Proof of Stake, Simply Explained 21 March 2018

The proof of stake was created as an alternative to the proof of work (PoW) concept, to tackle inherent issues in the latter. Currently, only altcoins use the proof of stake concept. When a transaction is initiated, the transaction data is fitted into a block with a maximum capacity of 1 megabyte, and then duplicated across multiple computers or nodes on the network. The nodes are the administrative body of the blockchain and verify the legitimacy of the transactions in each block.

To carry out the verification step, the nodes or miners would need to solve a computational puzzle, known as the proof of work problem. The first miner to decrypt each block transaction problem gets rewarded with a coin. Once a block of transactions has been verified, it is added to the blockchain, a public transparent ledger. (

Proof-of-stake comes with a number of improvements to the proof-of-work system:

  • better energy efficiency – you don’t need to use lots of energy mining blocks
  • lower barriers to entry, reduced hardware requirements – you don’t need elite hardware to stand a chance of creating new blocks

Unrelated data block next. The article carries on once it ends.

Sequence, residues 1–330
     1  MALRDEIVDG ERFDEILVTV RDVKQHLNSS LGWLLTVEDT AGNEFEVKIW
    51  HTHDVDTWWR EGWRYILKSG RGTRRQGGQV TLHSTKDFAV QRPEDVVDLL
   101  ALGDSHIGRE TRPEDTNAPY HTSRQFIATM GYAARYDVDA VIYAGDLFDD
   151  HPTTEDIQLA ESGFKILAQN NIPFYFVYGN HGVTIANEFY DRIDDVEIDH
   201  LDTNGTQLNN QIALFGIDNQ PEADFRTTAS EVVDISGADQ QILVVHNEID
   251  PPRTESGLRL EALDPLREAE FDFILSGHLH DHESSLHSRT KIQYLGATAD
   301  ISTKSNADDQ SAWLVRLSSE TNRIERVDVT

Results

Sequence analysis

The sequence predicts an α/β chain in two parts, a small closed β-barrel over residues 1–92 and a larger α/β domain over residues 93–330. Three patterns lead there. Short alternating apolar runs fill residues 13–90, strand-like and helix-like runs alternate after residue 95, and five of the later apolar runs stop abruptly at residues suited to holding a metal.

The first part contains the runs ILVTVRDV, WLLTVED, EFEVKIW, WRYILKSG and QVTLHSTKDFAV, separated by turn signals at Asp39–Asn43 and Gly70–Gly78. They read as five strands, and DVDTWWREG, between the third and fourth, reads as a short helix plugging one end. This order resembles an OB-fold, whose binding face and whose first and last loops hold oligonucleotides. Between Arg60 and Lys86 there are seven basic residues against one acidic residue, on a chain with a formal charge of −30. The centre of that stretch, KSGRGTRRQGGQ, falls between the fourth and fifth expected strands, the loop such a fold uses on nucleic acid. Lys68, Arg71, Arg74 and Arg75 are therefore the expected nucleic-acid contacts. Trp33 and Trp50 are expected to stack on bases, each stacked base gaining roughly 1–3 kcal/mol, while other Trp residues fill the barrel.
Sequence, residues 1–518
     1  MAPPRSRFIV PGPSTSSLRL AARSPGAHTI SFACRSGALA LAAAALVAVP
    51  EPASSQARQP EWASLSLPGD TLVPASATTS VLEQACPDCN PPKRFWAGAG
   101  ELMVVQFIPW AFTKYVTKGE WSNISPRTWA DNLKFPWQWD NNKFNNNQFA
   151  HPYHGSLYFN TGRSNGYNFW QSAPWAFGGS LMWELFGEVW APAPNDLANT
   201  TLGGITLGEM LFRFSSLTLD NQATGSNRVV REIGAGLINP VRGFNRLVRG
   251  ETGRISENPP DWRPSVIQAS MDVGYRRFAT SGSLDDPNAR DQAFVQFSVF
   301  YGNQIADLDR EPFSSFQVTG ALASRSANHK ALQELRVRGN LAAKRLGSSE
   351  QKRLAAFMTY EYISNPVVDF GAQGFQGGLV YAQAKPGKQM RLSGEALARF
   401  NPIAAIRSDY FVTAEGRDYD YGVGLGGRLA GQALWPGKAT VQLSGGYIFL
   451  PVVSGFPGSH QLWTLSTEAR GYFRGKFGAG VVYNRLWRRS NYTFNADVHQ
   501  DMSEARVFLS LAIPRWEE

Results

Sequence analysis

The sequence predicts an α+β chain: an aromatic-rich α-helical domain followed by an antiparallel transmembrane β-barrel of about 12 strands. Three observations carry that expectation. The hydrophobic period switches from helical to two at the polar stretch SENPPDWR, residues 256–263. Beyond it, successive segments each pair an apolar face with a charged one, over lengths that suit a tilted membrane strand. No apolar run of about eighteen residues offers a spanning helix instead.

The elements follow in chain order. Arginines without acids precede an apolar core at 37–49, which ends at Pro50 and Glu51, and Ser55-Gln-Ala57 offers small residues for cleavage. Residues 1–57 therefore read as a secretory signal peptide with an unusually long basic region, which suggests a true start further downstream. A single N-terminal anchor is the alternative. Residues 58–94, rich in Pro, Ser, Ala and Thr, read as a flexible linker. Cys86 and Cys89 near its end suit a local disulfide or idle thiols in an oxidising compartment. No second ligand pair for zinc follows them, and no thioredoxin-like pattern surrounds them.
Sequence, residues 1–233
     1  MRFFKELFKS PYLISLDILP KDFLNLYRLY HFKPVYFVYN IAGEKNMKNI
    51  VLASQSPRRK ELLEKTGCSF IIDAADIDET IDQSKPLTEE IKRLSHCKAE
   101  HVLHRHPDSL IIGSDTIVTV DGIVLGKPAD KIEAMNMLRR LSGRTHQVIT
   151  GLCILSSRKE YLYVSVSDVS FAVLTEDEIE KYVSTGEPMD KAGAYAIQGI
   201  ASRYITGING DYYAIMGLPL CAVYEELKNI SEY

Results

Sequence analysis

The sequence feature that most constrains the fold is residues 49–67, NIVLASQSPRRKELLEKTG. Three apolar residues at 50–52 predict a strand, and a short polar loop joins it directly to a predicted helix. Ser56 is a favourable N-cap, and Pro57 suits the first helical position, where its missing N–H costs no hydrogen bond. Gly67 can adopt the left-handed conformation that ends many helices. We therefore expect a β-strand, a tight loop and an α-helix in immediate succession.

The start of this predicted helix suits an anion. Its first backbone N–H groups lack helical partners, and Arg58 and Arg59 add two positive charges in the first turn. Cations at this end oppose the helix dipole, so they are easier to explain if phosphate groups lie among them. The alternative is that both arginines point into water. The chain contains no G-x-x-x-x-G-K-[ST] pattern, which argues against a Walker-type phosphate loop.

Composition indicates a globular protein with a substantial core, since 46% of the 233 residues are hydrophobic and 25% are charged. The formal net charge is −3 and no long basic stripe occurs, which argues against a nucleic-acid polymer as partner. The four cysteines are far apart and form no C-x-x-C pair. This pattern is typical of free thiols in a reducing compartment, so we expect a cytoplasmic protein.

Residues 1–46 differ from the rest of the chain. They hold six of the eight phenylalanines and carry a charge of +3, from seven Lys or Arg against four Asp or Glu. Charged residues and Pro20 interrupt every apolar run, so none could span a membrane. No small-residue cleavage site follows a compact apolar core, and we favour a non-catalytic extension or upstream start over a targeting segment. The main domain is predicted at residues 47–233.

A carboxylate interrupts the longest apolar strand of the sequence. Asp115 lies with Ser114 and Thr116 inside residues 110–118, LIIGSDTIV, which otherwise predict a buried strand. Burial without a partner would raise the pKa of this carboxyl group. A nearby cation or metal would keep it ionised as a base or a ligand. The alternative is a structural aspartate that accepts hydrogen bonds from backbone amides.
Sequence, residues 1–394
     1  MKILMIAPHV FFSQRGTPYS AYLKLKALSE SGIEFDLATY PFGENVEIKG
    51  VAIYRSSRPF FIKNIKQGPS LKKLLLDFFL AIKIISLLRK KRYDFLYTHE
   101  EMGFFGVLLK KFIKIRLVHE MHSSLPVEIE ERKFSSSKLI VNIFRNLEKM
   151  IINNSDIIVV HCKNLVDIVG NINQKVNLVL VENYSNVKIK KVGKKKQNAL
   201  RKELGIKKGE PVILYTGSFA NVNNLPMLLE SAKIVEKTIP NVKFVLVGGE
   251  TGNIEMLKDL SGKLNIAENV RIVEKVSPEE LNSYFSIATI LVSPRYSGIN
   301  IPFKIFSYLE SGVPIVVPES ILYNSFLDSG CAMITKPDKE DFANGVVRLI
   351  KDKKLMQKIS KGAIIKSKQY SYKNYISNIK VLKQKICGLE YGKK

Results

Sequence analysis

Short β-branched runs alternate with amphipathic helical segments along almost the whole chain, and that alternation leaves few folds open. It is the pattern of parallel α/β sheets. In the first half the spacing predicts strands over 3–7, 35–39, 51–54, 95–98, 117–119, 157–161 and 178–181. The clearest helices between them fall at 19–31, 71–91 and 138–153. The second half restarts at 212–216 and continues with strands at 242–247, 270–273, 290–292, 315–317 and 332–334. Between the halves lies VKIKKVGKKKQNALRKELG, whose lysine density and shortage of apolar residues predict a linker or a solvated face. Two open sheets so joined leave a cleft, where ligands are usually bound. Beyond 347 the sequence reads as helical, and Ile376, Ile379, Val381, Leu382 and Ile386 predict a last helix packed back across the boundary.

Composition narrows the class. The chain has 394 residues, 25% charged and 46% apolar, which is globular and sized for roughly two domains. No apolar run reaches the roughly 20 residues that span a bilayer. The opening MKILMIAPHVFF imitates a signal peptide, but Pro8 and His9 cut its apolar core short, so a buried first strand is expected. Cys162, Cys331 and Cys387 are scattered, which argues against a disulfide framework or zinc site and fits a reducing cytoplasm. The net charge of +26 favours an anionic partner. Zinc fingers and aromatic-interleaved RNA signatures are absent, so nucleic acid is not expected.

• stronger immunity to centralization – proof-of-stake should lead to more nodes in the network
  • stronger support for shard chains – a key upgrade in scaling the Ethereum network(

Currently on Proof of Work blockchains, we’re able to process somewhere between 50 and 20 transactions worldwide per second,which may sound like a lot until you realize that modern payment processing networks like Visa can scale up to over 70,000 transactions a second. (LinuxFoundationX LFS170xBlockchain: Understanding Its Uses and Implications)

Proof of Stake Example ETHEREUM

Proof-of-stake is the underlying mechanism that activates validators upon receipt of enough stake. For Ethereum, users will need to stake 32 ETH to become a validator. Validators are chosen at random to create blocks and are responsible for checking and confirming blocks they don’t create. A user’s stake is also used as a way to incentivise good validator behavior. For example, a user can lose a portion of their stake for things like going offline (failing to validate) or their entire stake for deliberate collusion.


Unlike proof-of-work, validators don’t need to use significant amounts of computational power because they’re selected at random and aren’t competing. They don’t need to mine blocks; they just need to create blocks when chosen and validate proposed blocks when they’re not. This validation is known as attesting. You can think of attesting as saying “this block looks good to me.” Validators get rewards for proposing new blocks and for attesting to ones they’ve seen.

If you attest to malicious blocks, you lose your stake.(

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